Waiting Room

I’d rather be early than late, even if it means I must spend time waiting. So early Sunday morning we arrived over an hour early for our flight home from Logan.

Usually under these circumstances, I read a book or mark up a manuscript. Unfortunately, the book I brought along was a dud and I didn’t find a suitable replacement during our trip back East. I finished one novel just before I left and haven’t begun the next.

So instead I watched how others waited. 

We were beside a Starbucks so drinking coffee was big. So was eating. A few, like Hank, dozed. 

The clear majority in my section of the airport, however, were focused on an electronic device. Smart phones were the top choice. Next were e-book readers, then laptops. Their eyes rarely left the screens.

A family in front of me each had their own device. Mom had a Kindle on her lap while she fiddled with her cell phone. One son, oh, I guess around 12, had his own Kindle. His younger brother played a video game. Dad tooled with his phone. None of them spoke.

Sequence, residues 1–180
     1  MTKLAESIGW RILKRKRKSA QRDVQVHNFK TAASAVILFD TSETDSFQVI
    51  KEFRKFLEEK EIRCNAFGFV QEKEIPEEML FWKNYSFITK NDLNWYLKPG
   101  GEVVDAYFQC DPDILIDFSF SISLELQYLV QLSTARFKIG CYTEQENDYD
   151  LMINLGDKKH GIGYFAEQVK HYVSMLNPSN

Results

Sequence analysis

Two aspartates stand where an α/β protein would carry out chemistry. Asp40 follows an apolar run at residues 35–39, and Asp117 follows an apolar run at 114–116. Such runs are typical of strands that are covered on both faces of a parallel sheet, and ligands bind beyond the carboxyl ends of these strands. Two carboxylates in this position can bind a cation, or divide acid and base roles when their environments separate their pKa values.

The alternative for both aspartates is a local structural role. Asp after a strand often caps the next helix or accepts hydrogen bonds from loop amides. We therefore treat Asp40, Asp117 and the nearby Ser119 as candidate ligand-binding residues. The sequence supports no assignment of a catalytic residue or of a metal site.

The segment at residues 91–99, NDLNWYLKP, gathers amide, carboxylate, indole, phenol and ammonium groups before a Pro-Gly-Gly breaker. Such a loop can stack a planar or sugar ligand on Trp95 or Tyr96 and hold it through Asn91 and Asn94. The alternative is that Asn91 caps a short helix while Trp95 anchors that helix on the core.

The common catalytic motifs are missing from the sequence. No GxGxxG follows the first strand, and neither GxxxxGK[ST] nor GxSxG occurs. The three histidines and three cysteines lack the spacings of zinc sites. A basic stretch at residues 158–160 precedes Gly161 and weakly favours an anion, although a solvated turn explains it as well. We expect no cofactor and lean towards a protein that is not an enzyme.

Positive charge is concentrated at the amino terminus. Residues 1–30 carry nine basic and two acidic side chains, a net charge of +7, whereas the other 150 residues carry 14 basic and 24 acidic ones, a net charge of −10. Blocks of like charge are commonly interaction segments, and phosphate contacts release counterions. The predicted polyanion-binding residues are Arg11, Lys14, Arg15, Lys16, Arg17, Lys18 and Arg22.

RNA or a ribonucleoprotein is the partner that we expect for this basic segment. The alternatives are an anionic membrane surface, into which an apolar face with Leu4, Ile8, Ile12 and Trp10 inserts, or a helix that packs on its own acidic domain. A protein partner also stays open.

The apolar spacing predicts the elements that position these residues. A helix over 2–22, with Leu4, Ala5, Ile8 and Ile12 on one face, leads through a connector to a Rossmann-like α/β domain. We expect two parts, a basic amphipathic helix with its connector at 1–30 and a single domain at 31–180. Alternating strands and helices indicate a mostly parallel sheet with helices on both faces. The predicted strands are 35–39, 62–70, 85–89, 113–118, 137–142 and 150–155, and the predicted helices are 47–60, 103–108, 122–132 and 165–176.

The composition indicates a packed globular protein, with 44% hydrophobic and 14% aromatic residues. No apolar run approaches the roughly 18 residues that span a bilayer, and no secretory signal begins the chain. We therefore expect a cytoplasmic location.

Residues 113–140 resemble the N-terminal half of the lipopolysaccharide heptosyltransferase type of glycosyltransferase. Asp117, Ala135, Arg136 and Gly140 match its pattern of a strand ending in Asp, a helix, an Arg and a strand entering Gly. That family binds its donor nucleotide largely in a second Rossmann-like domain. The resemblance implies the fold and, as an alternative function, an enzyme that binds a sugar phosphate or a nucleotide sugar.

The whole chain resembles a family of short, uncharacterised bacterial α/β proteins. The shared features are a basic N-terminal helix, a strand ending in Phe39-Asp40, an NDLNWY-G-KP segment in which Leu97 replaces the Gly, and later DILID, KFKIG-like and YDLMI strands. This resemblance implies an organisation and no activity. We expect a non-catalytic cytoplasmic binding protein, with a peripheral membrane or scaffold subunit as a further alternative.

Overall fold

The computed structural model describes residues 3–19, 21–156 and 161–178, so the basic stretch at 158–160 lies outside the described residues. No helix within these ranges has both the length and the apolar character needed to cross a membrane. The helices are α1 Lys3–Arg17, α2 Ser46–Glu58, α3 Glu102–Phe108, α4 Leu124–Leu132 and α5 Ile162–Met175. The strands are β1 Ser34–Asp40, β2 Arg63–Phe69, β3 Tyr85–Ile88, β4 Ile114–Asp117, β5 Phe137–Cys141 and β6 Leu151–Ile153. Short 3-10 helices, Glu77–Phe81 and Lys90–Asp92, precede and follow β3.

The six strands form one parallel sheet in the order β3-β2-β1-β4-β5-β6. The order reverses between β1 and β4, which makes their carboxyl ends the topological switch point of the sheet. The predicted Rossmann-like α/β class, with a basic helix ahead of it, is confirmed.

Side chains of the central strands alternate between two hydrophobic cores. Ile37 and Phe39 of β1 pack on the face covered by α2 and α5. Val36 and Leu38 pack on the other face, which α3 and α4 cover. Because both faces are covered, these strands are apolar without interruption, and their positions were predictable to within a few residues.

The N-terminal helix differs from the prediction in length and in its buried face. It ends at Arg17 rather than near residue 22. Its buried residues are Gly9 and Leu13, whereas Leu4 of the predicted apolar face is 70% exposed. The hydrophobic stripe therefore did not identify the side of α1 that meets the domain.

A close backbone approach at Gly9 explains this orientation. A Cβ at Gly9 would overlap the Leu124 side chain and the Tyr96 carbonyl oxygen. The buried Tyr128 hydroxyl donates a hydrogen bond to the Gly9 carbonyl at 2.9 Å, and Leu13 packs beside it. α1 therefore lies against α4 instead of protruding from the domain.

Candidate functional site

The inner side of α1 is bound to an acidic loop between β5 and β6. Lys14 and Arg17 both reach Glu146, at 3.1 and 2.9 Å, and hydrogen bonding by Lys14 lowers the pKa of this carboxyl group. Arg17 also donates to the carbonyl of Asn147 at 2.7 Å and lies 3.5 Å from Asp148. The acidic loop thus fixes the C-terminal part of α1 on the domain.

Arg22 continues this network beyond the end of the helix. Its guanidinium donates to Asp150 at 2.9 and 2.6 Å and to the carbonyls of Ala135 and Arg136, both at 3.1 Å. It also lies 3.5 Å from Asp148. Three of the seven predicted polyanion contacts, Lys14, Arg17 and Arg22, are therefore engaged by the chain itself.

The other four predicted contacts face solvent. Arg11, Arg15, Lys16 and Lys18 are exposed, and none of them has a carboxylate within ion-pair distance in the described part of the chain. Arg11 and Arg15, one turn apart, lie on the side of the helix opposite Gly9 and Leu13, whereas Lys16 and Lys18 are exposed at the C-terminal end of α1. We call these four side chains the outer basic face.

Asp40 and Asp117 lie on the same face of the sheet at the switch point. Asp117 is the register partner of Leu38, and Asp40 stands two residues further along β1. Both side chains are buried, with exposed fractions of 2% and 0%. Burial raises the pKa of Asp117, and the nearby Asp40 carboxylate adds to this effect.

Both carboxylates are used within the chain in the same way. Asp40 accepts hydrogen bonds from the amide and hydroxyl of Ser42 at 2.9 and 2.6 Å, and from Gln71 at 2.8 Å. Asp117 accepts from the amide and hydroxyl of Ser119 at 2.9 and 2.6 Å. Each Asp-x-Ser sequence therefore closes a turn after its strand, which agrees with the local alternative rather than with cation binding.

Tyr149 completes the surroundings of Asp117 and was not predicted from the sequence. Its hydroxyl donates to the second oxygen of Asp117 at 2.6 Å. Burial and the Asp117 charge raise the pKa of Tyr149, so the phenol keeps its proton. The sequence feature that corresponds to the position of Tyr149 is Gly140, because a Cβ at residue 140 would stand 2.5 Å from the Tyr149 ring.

I wonder how this family would have waited without their devices. Would they have played a game of cards, read magazines or books, or maybe talked? Would the boys be interested in what was happening outside the large windows, or would they get bored and horse around? 

I spotted a woman reading a paperback of Pilgrim at Tinker Creek by Annie Dillard. The book, which contains her observations of nature and life near her home in the Blue Ridge Mountains, won the Pulitzer in 1975. The reader’s head was down. It appeared she was nearing the end.

All to pass the time. 


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